The Star of Jacob (Numbers 24:17)
Sermon from All Saints - Num. 24:17 says, “I see Him, but not now; I behold Him, but not near; A Star shall come out of Jacob; A Scepter shall rise out of Israel.” Light shines on Christ’s face and the shadows cast back into history. We see a resurrected ascended Christ in full humanity glorified. The light from Him shines forth. One shadow that is cast is a crown from the crown of thorns, another the rod of iron, another is pierced hands. And just as shadows are distorted and look grotesque, His shadow makes a bloody tabernacle and temple. In dim images of Him we see the scapegoat and the pascal lamb. In the beauty of the drama of redemption, we see humility leading to exaltation. As Matthew 12:20 says, “Till He sends forth justice to victory.”
In our text, recall the familiar story of Balaam’s donkey. There is a vivid painting of this by Rembrandt in which one can see the anger in Balaam’s face and the words almost bursting from the ass’s mouth. The donkey could “see” (Hebrew, RAAH), but Balaam could not. The first word of the Hebrew narrative is "see" (Num. 22:2); "see," "look," provide a repetition of the theme of "sight." All the while, Balaam is blind as a bat to the real world of angels about to chop his head off. Finally, he is granted sight, not unlike the servant of Elisha (2 Kgs. 6:17). Numbers 22:31 says, “Then the LORD opened Balaam's eyes, and he saw the Angel of the Lord...”
In verse 17 he receives even more sight from the Lord. "I see Him, but not now; I behold Him, but not near.” We see an increase in Balaam’s “seer”/visionary powers throughout the whole episode. In the first oracle, he has normal physical sight. In the second, he has the spiritual power to see Israel’s invulnerable state in the present. Finally, his vision goes over the horizon into the future. Note that the same verb “RA’AH also means “to divine” (e.g., 1 Kings 22:19).
What does he see, then. He sees a star arising from Jacob which means a ruler, hence the parallelism of “scepter.” Peter would later speak of the whole revelation of Messiah in these terms of light and darkness: “And so we have the prophetic word confirmed, which you do well to heed as a light that shines in a dark place, until the day dawns and the morning star rises in your hearts” ( Peter 1:19).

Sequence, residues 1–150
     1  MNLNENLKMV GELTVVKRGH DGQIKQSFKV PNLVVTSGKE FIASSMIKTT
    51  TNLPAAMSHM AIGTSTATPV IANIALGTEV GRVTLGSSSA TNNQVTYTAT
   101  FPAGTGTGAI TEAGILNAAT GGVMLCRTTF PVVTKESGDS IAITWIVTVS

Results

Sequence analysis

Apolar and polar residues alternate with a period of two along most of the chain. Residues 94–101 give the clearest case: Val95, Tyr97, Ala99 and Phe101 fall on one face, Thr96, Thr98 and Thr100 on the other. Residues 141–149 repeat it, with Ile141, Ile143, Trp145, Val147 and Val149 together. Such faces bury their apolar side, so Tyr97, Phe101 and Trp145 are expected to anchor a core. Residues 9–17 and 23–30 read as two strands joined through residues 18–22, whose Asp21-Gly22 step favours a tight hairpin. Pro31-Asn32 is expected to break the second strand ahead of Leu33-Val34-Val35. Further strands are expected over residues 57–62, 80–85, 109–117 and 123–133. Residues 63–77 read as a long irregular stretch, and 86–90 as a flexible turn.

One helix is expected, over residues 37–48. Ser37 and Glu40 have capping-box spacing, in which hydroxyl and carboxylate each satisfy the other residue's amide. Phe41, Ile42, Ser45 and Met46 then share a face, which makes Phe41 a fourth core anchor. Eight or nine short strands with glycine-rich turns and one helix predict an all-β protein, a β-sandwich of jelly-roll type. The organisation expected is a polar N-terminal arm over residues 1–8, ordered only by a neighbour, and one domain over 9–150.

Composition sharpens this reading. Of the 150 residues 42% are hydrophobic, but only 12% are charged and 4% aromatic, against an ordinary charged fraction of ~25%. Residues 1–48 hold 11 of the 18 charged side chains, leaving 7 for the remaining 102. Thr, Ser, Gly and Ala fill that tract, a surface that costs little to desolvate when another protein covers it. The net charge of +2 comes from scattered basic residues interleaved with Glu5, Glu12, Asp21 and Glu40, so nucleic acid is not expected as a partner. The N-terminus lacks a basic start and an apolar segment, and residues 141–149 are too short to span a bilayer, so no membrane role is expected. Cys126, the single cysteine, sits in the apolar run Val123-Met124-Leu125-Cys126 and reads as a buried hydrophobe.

This star is certainly related to David who struck down the Moabites (Num 24:17; 2 Sam 8:2) and the Edomites (Num 24:18; 2 Sam 8:13, 14; 1 Kings 11:15, 16; 1 Chron 18:12, 13). But surely the fulness of the prophecy speaks of “Great David’s Greater Son,” Jesus Christ. His birth was connected with astral events (Matt 2:2) and he received the name of “the bright Morning Star” (Luke 1:78-79; Rev 22:16) in connection with his descent from the line of David. Surely, the Magi events are related to this prophecy:
Matthew 2:8-11: When they heard the king, they departed; and behold, the star which they had seen in the East went before them, till it came and stood over where the young Child was. 10 When they saw the star, they rejoiced with exceedingly great joy. 11 And when they had come into the house, they saw the young Child with Mary His mother, and fell down and worshiped Him. And when they had opened their treasures, they presented gifts to Him: gold, frankincense, and myrrh.
Along these lines, we sing,
O star of wonder, star of light, Star with royal beauty bright, Westward leading, still proceeding, Guide us to thy perfect light.
We have been saying in our Call to Worship, with Isaiah, “Arise, shine; For your light has come! And the glory of the LORD is risen upon you.” With sagacious and saintly Simeon we say, He is “a light to bring revelation to the Gentiles, and the glory of Your people Israel” (Lk. 2:32). The light of the knowledge of the gospel has been shining. The star has arisen. The scepter has also come.
Gregg Strawbridge, Ph.D., is the pastor of All Saints Church in Lancaster, PA. He became a committed follower of Jesus Christ at age 20, discipled in the context of a University Navigator Ministry. As a result of personal discipleship he went on to study at Columbia Biblical Seminary (M.A., Columbia, SC, 1990), as well as a Ph.D. in education and philosophy... read more
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